They say there’s a first time for everything, and I concede that this is the very first time I came across a Singer that was not listed anywhere on the Singer website. Nevertheless, I can attest that the Singer 14T970C cover stitch machine does indeed exist.

I hand my hot little hands on it and the folks at the Factory Sew-Vac in Lake Worth, Florida, where I reviewed this particular machine confirmed not once but twice that I have the correct model number.

They were unable to tell me why it was not listed on the Singer website but informed me that they acquired it at a Singer dealers’ conference where they saw a demonstration and were able to test it for themselves before bringing it into the store.

At A Glance

The Singer 14T970C serger looks pretty much like any other serger. It can operate with 2, 3 or 4 threads and has an easy to use lay in threading system. There is also a differential feed control dial on the right hand side of the machine and stitch length and width adjustment dials on the left.

Singer Coverstitch 14T970C

Singer Coverstitch 14T970C

An extremely easy to follow color coded threading guide is on a sticker inside the looper door. It also has a seam guide and a brightly lit work surface that illumines the oversized workspace.

Differential feed control dial

Differential feed control dial

Features

  • 4 Cover stitch – 4 stitch options:
    • Narrow
    • Wide
    • Triple cover stitch
    • Double stitching
  • Adjustable stitch length and width
  • Differential feed
  • Adjustable presser foot pressure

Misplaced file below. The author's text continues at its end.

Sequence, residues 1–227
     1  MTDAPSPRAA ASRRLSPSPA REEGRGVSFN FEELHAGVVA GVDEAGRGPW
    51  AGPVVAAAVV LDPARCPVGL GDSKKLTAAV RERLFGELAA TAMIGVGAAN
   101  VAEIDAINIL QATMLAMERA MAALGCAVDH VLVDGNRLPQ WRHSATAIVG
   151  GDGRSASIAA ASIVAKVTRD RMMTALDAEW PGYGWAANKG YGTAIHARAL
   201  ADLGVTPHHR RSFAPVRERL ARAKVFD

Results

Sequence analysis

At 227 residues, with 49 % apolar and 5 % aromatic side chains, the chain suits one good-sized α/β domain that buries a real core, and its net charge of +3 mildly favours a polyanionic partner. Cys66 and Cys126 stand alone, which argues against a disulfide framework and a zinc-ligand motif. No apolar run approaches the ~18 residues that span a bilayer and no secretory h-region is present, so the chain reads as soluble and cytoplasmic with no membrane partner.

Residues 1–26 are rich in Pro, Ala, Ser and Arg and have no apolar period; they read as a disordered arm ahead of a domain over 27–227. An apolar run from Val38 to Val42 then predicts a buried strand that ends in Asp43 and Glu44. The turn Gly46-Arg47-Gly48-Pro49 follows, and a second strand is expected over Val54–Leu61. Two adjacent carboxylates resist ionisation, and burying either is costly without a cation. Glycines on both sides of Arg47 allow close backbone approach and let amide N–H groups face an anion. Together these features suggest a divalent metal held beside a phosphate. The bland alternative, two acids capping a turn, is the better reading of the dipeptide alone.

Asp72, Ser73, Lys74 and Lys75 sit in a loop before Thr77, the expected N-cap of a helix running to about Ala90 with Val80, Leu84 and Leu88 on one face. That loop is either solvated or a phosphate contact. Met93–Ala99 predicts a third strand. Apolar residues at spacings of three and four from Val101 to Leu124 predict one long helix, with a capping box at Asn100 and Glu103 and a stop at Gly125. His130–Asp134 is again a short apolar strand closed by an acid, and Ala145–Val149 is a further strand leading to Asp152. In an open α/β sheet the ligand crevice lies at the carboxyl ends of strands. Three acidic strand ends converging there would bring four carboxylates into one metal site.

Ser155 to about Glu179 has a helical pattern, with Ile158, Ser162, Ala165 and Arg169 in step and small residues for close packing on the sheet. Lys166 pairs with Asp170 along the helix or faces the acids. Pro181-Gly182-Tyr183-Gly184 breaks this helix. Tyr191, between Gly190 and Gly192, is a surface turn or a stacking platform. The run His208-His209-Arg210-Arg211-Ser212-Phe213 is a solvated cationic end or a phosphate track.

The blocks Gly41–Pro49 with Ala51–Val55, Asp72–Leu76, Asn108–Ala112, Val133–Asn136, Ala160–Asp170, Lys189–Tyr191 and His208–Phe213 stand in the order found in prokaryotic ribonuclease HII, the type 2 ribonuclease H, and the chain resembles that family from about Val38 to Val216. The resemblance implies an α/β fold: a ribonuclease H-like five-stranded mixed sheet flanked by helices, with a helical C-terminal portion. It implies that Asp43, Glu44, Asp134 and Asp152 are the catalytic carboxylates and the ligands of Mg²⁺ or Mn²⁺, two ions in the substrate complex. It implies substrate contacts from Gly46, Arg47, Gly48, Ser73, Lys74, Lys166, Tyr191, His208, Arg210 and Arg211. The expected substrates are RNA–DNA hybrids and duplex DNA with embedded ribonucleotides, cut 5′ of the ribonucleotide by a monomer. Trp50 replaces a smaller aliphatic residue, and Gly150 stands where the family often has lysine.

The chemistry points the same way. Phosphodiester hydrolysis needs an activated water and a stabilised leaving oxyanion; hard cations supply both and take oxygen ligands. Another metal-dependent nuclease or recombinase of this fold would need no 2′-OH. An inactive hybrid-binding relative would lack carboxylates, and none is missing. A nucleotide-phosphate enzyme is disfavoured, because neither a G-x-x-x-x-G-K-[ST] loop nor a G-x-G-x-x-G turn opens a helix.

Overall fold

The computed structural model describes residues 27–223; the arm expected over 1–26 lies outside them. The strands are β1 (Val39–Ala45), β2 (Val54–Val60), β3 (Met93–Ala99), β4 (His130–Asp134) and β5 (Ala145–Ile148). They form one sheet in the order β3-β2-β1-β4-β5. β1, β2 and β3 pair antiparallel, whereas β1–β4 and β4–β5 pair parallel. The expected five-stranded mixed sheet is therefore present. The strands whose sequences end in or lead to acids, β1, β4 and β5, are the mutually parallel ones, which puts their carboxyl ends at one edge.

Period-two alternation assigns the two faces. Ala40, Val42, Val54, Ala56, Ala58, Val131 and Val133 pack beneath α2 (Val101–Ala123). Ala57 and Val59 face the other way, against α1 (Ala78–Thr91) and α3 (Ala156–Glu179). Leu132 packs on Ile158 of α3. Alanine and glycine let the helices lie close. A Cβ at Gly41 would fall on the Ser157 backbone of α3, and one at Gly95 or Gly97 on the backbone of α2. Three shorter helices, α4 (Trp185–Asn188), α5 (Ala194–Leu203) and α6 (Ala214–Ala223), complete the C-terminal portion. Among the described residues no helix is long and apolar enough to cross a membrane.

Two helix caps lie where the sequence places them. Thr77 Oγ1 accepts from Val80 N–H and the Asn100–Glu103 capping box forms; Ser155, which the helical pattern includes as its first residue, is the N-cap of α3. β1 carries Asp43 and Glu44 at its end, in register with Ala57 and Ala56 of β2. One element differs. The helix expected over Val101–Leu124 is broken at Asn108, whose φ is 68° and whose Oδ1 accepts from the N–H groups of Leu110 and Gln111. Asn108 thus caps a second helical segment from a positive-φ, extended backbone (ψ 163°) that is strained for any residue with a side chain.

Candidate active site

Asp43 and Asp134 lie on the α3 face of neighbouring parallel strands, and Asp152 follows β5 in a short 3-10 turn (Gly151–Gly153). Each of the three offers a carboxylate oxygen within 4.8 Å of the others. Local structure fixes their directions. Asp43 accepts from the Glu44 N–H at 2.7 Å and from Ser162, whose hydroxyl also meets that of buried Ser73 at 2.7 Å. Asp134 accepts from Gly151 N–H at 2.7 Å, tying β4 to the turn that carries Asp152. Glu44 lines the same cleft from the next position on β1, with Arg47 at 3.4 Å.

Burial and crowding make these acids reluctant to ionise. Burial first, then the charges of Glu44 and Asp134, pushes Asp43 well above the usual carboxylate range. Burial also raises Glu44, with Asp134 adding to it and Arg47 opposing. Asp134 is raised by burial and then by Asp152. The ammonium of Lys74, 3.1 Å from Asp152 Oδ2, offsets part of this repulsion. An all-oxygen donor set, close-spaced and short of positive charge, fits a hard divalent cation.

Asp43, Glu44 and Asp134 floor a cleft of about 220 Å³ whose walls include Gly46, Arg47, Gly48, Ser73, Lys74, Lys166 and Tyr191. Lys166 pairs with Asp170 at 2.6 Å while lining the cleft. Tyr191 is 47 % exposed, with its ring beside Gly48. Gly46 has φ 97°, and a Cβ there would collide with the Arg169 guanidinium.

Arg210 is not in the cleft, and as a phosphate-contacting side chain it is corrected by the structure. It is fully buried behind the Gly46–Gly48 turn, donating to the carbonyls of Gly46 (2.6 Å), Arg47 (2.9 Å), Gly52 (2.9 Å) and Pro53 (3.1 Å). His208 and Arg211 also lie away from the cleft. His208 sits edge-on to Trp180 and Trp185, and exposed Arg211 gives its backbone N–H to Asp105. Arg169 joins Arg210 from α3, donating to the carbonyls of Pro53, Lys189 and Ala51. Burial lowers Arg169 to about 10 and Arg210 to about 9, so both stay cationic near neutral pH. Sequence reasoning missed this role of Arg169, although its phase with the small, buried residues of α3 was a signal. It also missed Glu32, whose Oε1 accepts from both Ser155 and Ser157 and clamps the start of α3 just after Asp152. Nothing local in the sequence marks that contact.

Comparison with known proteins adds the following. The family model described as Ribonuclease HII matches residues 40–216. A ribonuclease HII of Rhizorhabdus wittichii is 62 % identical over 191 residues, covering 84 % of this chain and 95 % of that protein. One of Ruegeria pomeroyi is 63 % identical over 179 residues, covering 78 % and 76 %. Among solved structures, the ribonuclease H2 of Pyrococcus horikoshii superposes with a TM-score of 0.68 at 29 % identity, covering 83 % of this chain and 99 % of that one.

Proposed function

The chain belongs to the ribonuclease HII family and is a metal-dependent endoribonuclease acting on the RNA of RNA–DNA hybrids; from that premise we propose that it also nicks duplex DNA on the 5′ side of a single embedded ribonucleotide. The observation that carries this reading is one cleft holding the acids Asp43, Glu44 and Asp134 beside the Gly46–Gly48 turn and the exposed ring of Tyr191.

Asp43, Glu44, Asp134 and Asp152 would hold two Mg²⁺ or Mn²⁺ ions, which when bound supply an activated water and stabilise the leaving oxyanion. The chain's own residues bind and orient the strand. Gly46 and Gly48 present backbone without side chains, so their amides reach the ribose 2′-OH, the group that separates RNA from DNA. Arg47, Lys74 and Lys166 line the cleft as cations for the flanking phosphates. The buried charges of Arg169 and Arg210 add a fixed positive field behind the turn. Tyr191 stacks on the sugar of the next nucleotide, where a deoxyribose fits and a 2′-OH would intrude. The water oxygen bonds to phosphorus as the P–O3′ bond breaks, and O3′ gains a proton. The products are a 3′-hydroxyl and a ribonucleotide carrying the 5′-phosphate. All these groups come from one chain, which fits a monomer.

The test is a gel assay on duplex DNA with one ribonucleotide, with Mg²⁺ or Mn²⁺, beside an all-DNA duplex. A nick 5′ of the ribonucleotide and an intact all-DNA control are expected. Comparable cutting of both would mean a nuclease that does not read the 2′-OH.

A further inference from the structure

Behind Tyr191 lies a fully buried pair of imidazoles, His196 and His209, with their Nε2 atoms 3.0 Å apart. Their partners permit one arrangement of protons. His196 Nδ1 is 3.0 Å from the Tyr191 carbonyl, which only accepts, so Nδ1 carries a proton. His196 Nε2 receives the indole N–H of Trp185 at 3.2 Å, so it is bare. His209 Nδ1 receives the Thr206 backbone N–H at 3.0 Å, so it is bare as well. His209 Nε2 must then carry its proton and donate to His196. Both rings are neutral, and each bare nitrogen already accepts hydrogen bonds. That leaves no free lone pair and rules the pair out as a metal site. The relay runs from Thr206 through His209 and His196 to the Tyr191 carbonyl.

• Large workspace
  • Sews with 1, 2, or 3 needles

Working on the Singer 14T970C

The most positive thing I could possibly say about the Singer 14T970C is that is by far easier to thread than any other coverstitch machine I have ever encountered. The easy to understand and follow color coded threading guide is so simple, I have no doubt a child in the second or third grade could master the task in little or no time at all.

Color coded threading guide

Color coded threading guide

The lay in tension discs, coupled with the simple design of the looper mechanism are definite advantages. A threading system that is as uncomplicated as this one would not only be good for the beginner, but for the advanced home sewer as well… especially one who might be advancing in years and not want to deal with the complex task of threading a more intricately designed machine.

I had a real problem getting the hang of the way the presser foot is controlled. Who would have thought that anyone would install a presser foot control that you push up to lower and push down to raise?

A brightly lit work surface

A brightly lit work surface

That’s exactly what I found on the Singer 14T970C. To raise the presser foot, you must push the lever down. To lower it, push the lever up.

For this review, I sampled the three thread, two needle cover stitch option. The stitches were what I call ‘passable’ when set at the shorter length. However, as I widened the length, the quality of the stitches improved significantly.